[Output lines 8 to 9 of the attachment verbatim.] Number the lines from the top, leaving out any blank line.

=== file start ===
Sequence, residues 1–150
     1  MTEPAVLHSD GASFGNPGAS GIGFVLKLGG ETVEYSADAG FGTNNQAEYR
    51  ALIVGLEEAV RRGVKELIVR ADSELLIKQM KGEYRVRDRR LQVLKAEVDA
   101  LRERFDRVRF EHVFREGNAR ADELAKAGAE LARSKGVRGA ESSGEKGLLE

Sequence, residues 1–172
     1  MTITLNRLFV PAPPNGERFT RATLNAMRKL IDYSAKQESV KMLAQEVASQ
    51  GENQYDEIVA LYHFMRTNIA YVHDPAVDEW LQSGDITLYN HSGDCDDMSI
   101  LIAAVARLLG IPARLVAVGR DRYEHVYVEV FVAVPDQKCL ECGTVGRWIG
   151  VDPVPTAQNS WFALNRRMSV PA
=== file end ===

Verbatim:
   101  LIAAVARLLG IPARLVAVGR DRYEHVYVEV FVAVPDQKCL ECGTVGRWIG
   151  VDPVPTAQNS WFALNRRMSV PA